Will The FBI Takedown Of Silk Road Force Cyber Criminals To Become More Sophisticated?
We all have our concerns when it comes to Cloud computing security and privacy. From our children being exposed to indecent images and videos, or the negative effects of social media, to identity theft and pornography. It’s a technology we use on a daily basis, but in many ways we lack understanding and a sense of real control.
We hear stories each year about sites that get taken down and the people that create or use them being arrested, but these announcements seem to few and far between. They are not a solution to the overall problem, and how long will it be before the next story or controversial site?
The most recent story concerns the shut down of a black market site called ‘Silk Road’ and the subsequent arrest of its creator Ross Ulbricht. Silk Road was the culmination of all the worst aspects of criminality both on and off the Internet. This site facilitated the anonymous trade of drugs, guns, porn, hit men, forged documents and computer hackers.
Silk Road was able to exist and function through the use of ‘darknet’ and ‘Tor’. Darknet uses peer-to-peer networks in order to remain anonymous, and Tor (aka The Onion Router) uses separate servers in order to disguise users online presence and location.
The paper trail that would normally accumulate during sales of over $1.2 billion to a million customers was hidden by the use of a virtual currency system called ‘bitcoin’. Bitcoin covered the financial tracks that are often left by credit card use online.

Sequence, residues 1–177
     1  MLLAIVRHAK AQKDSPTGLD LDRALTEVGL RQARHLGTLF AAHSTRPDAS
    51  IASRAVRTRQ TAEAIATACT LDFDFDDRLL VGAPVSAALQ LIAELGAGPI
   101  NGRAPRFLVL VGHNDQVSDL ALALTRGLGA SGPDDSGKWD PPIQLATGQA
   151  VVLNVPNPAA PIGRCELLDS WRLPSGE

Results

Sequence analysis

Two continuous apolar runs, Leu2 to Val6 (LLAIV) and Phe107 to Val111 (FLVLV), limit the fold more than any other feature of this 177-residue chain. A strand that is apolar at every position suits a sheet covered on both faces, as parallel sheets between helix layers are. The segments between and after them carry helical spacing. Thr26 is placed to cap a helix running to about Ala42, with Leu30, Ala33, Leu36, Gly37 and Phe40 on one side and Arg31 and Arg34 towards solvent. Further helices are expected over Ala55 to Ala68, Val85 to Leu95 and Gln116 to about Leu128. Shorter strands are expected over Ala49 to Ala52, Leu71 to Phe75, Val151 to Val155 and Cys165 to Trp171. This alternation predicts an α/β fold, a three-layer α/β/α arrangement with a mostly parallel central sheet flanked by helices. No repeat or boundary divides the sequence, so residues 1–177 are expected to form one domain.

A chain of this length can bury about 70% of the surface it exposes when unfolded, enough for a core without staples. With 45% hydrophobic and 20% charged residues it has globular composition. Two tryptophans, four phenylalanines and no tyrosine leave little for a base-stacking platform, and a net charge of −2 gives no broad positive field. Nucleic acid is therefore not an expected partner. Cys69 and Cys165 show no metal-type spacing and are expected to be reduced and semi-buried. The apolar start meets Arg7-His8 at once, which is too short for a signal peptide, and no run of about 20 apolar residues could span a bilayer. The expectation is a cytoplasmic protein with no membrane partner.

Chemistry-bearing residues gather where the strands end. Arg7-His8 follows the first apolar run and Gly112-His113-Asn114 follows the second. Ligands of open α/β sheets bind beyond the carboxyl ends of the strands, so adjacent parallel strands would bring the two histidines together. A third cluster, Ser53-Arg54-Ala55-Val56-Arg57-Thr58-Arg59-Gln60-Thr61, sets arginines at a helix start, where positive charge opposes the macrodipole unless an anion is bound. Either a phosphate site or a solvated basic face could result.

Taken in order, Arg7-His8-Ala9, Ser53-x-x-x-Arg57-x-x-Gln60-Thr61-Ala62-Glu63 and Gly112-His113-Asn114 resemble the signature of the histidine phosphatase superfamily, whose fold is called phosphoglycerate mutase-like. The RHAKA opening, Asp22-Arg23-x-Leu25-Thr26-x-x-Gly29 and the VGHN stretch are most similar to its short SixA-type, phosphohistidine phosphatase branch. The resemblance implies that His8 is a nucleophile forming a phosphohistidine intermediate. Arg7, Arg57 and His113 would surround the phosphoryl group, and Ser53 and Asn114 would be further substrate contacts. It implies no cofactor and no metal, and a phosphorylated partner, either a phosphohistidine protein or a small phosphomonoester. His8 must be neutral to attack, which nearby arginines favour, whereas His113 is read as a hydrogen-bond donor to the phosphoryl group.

When you see the tactics used by Ulbricht, aka ‘Dread Pirate Roberts’, you wonder how he was ever caught.
The FBI found the six servers hidden in various locations around the world. These servers provided the data that exposed transactions, enabled the site to be shutdown, as well as the arrest of Ulbricht. But what does this arrest and website seizure really mean in the long run? Will this deter future criminals?
In the same way that the Internet and cloud technology is enabling smaller businesses to compete on the global market, so too has it helped criminals widen theirs.
This article, as well as many other you may find on the Internet lists the ways in which Ulbricht was able to run Silk Road, but also how he was found. If one criminal makes a mistake and is made an example of, others around will learn from them and adapt. It may become harder for the authorities across the world to catch cyber criminals.
There will always be concerns in regards to the Internet. It is a platform that can be exploited by criminals, in the same way that criminals uses trucks for people trafficking and airplanes for drug smuggling. There will always be some level of threat if criminals exist.
The question that needs to be answered is whether it should be the authorities should be allowed to use unlawful measures, such as hacking, in order to apprehend those who are doing so for financial gain?
By Gregory Clark
Gregory Clark is freelance writer and tester of compliance management software from Metacompliance.
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